Why Some Companies Don’t Like Using Microsoft Dynamics GP

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By Amber Bell, Microsoft Dynamics GP Training Consultant

As a trainer for Microsoft Dynamics GP software here in Connecticut, I have come across my fair share of frustrated CFOs, Controllers and other finance folks.  You know, the ones who like to refer to our software as “Great Pains” instead of “Great Plains”.  But almost every time I find that their frustration with GP is due to either a lack of training or poor setup and implementation by their GP Partner (consultant, reseller, VAR whatever you want to call the person they bought the software from). We have several customers that called us in long after their implementations were finished and after many frustrating hours trying to “make the system work” on their own.  Often they complain because the system "doesn't work like their old system".

 Usually the cycle goes:  Step 1) Something went wrong between the partner and the client before training was completed.  Maybe the project went over budget so users are told they cannot call for support or request training. (Unfortunately, one of the first line items people cut when the budget gets tight is training).  Or else the Partner mysteriously disappeared once the main part of the project was finished.  Step 2) They spend months trying to figure out the system on their own. Step 3) The frustrated and jaded new software owners begin the search for a new GP Partner.

That is what leads them to our office door.  When I meet a client in this situation I look at 2 areas. First, did the GP implementation consultant ask the right questions to set up the system properly?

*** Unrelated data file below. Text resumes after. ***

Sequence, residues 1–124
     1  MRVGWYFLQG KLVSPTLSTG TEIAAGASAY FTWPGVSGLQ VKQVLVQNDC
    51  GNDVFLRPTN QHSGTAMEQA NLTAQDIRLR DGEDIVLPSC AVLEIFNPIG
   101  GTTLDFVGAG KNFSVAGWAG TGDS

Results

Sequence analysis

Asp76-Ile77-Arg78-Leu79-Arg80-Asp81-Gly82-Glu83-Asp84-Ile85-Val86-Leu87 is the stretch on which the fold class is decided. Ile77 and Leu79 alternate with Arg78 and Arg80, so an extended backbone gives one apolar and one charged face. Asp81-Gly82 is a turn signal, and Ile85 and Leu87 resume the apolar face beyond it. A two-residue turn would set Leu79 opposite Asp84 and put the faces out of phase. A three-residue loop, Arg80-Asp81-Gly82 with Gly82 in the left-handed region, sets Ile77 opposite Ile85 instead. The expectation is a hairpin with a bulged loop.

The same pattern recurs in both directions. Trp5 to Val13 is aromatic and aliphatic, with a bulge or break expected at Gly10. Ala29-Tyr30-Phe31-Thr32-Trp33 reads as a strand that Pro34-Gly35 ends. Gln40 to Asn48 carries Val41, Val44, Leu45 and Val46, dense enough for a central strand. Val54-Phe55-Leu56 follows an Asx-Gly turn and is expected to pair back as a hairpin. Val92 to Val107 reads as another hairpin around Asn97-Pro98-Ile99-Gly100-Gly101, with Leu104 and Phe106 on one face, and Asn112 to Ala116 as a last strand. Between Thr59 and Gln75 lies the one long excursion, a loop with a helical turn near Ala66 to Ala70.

A good GP Partner needs to listen to what you used to do in your old system. Really they have to understand your workflow. They cannot just focus on what one person does. For example, if your company does Purchase Order Processing, they need to ask you to show them who purchases which items. They also need to know: a) who tracks inventory; b) do you need to connect the Purchase Order to the Sales Order for the customer that requested the item; if so who enters the Sales Orders; c) who will do the receiving of the PO and the matching of the invoice to the receipt of the PO;  d) what kind of paper trail are you used to and can this be replaced by an electronic workflow...

The questions go on and on...but if the GP Partner company working with you doesn't know their product they won’t ask and you will pay the price later after they leave. (My hint: To find out if they really know their product ask them how long they have been using Microsoft Dynamics GP inside their OWN company. If they are using Quickbooks to run their business, that’s bad.)

And by the way, getting GP to work just like your old system is not always good! Your GP Partner should be confident enough in their software system to suggest NEW ways of working with your data. While it is vital to make people feel comfortable, the new system has to improve, not just duplicate your old processes. (if you want the same thing, why bother spending money on something new?)

Often, the real problem is in resistance to change. Quite honestly this can be because someone has been working with a company for several years doing their job a specific way and learning a new method is scary. Often the fear is “if our company becomes more efficient in my department, will they still need me?”

Which leads me to #2.  Did the company get the right training on their new Microsoft Dynamics GP system?

Training is critical! Some companies try to save money and reason that they will just try to “figure it out” as they go along.  Now it is true that Microsoft Dynamics GP is easier to learn than other new systems, because it has the familiar “Microsoft office” menus and look and feel.  So yes, you probably will be able to figure out the basics just by using it.  BUT when you are investing thousands of dollars in a new system, the basics are not enough, you deserve much more.  You want to know how to really use the tool you have to make your team more efficient.  And by the time your users “figure it out”; they will already be so frustrated, that it makes them much more resistant to change.